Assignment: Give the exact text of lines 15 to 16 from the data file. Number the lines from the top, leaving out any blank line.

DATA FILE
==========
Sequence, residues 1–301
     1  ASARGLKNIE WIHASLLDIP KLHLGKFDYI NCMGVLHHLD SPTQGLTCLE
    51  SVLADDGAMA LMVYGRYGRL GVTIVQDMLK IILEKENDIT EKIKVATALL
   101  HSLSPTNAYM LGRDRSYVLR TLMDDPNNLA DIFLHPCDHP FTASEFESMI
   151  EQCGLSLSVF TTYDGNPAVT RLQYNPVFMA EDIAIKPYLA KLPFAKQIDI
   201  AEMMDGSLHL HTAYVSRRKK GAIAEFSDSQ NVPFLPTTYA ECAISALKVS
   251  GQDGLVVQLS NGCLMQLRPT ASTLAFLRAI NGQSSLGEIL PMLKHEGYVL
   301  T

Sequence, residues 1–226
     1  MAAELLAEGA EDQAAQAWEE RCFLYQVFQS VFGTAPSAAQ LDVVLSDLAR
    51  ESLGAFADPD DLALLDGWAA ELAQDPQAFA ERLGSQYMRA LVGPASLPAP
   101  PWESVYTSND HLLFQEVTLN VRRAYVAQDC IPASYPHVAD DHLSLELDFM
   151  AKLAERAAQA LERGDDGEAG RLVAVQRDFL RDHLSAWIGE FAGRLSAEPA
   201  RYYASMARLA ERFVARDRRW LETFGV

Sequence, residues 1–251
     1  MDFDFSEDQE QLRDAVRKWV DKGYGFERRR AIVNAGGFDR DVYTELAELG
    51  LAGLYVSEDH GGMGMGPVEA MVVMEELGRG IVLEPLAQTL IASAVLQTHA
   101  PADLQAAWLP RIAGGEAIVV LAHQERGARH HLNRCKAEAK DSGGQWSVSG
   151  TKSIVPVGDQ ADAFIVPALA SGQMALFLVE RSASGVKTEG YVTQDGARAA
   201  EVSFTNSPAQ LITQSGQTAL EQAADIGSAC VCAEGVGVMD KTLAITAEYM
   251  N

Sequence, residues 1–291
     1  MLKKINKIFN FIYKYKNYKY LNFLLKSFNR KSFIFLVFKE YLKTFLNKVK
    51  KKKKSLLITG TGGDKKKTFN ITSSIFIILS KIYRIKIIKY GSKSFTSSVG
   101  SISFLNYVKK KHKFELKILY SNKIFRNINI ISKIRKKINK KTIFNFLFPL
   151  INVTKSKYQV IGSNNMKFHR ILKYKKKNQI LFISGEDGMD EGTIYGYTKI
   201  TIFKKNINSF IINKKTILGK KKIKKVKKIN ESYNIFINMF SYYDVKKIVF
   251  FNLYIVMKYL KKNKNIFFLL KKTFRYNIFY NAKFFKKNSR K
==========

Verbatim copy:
Sequence, residues 1–251
     1  MDFDFSEDQE QLRDAVRKWV DKGYGFERRR AIVNAGGFDR DVYTELAELG